Monday, November 20, 2023

The talented. . .

Sermon for the Twenty-Fifth Sunday after Pentecost, Proper 28A, preached on Sunday, November 19, 2023.

Most of us reading the parable find the problem with the nobleman.  He gets his three trusted servants together and does not dole out the goods equally.  In this world of equity and justice, this is an obvious failing.  If you put in your will that each of your kids get a different part of the estate, your children are likely to presume that you love them differently, one more than others and two more than the third.  We cannot get past this inequity in the parable.  So we start with a chip on our shoulders.

A talent is not a skill or an ability but a weight of money.  A talent was the equivalent of nearly 20 years wages.  Even among the hourly workers, we are easy talking about more than a million dollars.  So to one, the nobleman gave 5 million, to the second 3 million, and to the third 1 million.  That sort of makes it easier.  The parable is not simply about the different amounts entrusted to the servants but is about the generous mercy of the nobleman – God.  God is the generous one.  No one gets a little but every gets a lot – all more than they deserve to be sure.

The first two put their master’s generosity to work right away.  They invest the money and trade with it and in the course of their business, they increased the money in multiples.  The third is worried.  What if I screw it up?  What if I lose the money entrusted to me?  Maybe the master is trying to trap me?  His worry turns to fear and his fears make him forget his master’s generosity.  Now his master becomes his enemy and the gift and opportunity became a burden.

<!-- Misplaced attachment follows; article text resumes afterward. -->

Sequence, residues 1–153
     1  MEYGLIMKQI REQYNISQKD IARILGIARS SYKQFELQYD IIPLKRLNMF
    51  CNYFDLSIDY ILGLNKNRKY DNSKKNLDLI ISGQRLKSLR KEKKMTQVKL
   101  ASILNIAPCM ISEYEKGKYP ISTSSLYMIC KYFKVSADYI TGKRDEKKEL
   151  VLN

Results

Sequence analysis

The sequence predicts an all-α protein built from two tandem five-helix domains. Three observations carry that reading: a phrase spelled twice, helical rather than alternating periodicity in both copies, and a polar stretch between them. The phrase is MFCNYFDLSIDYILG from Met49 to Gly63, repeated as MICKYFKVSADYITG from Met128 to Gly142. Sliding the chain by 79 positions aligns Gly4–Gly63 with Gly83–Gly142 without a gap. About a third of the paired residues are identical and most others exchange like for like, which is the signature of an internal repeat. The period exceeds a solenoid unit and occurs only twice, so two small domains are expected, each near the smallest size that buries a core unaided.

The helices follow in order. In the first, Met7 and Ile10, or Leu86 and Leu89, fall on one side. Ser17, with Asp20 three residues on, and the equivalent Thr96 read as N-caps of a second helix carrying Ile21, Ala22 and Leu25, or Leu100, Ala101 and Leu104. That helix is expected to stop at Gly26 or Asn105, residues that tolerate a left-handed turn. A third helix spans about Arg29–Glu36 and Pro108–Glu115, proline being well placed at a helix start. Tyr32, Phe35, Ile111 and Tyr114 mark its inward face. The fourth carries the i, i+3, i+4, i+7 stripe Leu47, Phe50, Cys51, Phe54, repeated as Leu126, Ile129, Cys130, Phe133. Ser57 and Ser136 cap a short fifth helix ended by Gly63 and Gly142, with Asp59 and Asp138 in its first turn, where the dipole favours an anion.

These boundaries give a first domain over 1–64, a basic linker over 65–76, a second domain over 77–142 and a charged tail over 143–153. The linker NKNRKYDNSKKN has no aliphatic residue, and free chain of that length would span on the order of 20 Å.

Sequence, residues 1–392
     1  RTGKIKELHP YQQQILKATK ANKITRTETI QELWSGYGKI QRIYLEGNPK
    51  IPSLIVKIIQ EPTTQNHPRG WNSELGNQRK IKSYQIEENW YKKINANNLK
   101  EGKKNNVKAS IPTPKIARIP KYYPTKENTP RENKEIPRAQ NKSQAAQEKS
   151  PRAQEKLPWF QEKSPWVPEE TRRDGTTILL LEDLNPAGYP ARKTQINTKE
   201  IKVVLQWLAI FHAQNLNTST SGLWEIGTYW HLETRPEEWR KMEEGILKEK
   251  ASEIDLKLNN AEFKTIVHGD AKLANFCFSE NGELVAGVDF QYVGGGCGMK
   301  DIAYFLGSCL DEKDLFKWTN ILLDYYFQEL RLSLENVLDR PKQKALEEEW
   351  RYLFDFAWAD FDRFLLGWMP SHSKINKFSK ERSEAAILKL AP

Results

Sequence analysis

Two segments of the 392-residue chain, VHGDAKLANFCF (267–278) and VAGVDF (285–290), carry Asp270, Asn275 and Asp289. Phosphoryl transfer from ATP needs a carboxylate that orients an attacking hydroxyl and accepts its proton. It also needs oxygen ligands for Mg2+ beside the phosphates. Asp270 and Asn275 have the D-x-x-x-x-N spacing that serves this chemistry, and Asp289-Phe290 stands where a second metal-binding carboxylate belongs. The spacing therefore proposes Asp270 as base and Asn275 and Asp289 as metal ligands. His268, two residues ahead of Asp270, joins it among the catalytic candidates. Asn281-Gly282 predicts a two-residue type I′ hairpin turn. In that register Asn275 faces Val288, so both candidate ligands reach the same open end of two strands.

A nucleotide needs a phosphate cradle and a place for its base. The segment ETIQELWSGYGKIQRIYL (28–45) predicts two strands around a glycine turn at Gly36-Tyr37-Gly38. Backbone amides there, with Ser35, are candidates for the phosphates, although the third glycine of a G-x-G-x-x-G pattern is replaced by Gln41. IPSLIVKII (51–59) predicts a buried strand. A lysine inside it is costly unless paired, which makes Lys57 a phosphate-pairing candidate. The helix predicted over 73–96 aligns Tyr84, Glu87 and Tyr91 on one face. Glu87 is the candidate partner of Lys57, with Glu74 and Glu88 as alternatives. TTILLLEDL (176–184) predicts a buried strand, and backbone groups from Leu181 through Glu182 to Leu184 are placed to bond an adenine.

So when the master returns, he rewards the faithfulness of the two while the third is taken away in chains and thrown into the darkness where there is weeping and gnashing of teeth.  We think the comparison between the different servants is about what they did with the money entrusted to them.  In reality, it has nothing to do with what they did with the money. It has everything to do with whether or not they knew the character, the heart, of their master.  The master in this is God.  And the crux of the issue is how well do you know God.  How well do you know your master.

God is not the stingy, greedy ogre we think Him to be.  He is not the unmerciful taskmaster who is always testing us, always trying to trip us up, or always waiting for us to screw up.  The Lord is merciful.  He is gracious.  He is compassionate.

He is slow to anger and abounding in steadfast love.  This is His character.  This is the only thing that matters.  Our sins are no match for His mercy.  His goodness supplies us with all that we need for this body and life and for eternal life.   Long before He sent His one and only Son, we were in His debt – a debt that we could never repay.  Now that we know Him as the Father of mercy who has sent His one and only Son to be our Savior and Redeemer and who has bestowed upon us His Holy Spirit to bring forth this faith and joy, we are even more in His debt.